Mea Culpa

So then I found I could turn and walk.
I found that I was young and easy going
as I went between over-full skips and garages
full of burnt mattresses and single wheels – each
calling out to whoever left them there.
Glorious were the days I strolled out through
blocks of tenements and flats with clothes lines
outstretched like yawning arms and hung with
brightly coloured washing.

So that I felt like this, felt like running,
felt powerful and green – golden and shining –
merciful to every daisy and dandelion licking
through parks of reclaimed bricks that graced
my green field, that drifted heedless in the wind –
lovely and warm – golden and shining on unblessed
homes that would never feel my singing voice or
rise awake to wander in the simple light.

So what I did was to find a tree to sit
beneath and rest my back against the trunk
and close my eyes and dream of tunes;
little tunes I had sung when I was young:
Can I get there by candlelight?
Yes, there and back again.

Sung like a catechism or a huntsman’s call –
a bugle at early morn to call soldiers to.
Slowly. Slowly. Slowly yawning on fresh green grass.

So with my time I was happy and carefree.
I sat still beneath the tree with my eyes closed
and listened to an airplane putter in the clouds
and the swearing of children in an empty asphalt playground.
I sat as a monarch, my thoughts drifting like smoke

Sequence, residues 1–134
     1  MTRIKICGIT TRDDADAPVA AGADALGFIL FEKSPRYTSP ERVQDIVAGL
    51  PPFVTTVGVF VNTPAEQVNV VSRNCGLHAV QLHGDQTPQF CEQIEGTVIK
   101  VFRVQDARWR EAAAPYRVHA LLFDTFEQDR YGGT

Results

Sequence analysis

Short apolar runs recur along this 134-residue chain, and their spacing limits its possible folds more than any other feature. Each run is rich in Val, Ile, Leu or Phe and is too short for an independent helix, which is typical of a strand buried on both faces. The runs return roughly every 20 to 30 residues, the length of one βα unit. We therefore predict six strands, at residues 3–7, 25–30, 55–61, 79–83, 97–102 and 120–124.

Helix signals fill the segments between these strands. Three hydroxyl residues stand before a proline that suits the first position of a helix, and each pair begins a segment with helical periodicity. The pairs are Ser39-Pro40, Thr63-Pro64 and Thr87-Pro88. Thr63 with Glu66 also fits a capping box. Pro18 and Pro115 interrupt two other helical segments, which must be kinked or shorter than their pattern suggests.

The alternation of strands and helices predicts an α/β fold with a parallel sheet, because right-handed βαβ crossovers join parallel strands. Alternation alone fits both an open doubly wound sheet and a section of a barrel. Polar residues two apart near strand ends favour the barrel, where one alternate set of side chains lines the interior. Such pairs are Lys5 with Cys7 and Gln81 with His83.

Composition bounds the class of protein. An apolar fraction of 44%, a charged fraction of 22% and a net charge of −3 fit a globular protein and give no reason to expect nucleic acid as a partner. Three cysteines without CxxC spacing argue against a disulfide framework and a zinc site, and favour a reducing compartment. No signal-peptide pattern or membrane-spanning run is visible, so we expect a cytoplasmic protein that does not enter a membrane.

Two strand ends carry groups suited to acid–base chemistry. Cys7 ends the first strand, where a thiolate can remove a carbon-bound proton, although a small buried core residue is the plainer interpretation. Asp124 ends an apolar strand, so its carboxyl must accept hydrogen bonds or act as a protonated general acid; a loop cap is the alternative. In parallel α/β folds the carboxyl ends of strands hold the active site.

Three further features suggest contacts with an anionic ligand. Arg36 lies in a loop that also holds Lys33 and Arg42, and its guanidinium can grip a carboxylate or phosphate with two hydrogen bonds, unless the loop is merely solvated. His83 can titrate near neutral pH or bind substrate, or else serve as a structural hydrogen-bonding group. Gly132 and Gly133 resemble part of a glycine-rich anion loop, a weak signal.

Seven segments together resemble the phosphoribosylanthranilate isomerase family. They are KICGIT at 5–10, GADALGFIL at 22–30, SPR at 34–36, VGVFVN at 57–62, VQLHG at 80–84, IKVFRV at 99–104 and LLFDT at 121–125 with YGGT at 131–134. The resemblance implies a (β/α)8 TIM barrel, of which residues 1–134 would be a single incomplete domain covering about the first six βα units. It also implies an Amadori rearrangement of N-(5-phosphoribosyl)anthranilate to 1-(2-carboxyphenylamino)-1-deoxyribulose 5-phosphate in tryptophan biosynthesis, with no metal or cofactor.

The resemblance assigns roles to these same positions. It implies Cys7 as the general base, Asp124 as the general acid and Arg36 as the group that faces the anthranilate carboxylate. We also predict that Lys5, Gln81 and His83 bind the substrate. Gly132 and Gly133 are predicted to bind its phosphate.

higher than the high-rise tenements around my court.
I stayed as long as the sun takes to revolve
and felt no need to move or to be borne away
but remain in my green field beneath my green tree.

So it was as I sat it started to rain.
and my thoughts turned to the children who went home running.
I sat there, on this shadow of a day
under the tree, beneath the rain clouds dreaming
thoughts wrapped up in chains, fleeing for cover
with too much spare time on my hands.
There was nothing for me to say or left for me to do –
the doors had closed, the washing had been brought in too
but I still remained, alone, under the tree in the field.

All this could take place on a Sunday afternoon
and I did not care; I had no reason to.
I was free to sit beneath the trees
and I had liberty to watch the sparrows feed
on these marshmallow days. Sleeping and dreaming
I could hear suburban songs rising
and watch scrounging dogs peeing on black bin sacks
because, I felt, I was not a slave to their dying
but young and far out with no need to go back.

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Posted on May 9, 2013, in Poetry and tagged . Bookmark the permalink. Leave a comment.

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